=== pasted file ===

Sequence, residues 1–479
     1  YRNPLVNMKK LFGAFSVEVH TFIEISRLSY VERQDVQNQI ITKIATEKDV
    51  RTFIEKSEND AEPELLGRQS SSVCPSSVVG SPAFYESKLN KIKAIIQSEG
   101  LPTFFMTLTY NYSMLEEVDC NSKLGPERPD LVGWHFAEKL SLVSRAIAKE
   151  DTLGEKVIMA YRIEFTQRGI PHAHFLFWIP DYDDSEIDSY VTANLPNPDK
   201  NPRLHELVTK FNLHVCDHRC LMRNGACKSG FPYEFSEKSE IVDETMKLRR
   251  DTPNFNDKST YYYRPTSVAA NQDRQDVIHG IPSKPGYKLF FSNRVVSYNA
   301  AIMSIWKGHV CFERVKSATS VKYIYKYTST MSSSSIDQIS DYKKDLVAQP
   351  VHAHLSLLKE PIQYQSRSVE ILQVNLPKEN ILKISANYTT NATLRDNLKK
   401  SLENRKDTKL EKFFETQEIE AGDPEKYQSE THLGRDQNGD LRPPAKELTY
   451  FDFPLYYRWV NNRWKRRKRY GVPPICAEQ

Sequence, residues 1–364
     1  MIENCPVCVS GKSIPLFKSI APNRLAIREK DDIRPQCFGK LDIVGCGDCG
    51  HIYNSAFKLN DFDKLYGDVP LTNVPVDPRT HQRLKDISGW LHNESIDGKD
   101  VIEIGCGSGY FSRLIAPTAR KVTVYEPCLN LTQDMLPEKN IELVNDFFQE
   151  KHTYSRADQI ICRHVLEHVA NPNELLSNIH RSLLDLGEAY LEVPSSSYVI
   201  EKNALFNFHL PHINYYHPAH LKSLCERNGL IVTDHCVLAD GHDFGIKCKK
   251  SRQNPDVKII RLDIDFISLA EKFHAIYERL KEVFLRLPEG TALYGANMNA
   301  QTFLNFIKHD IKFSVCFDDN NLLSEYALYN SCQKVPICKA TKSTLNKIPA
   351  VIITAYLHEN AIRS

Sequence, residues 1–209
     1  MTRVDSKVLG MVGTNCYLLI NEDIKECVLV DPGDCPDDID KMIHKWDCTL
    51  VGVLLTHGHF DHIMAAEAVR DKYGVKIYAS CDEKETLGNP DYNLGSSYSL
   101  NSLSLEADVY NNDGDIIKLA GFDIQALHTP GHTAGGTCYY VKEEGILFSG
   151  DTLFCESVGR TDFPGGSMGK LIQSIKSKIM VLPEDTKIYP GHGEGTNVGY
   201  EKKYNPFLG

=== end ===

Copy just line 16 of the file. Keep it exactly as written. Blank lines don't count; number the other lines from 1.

   151  KHTYSRADQI ICRHVLEHVA NPNELLSNIH RSLLDLGEAY LEVPSSSYVI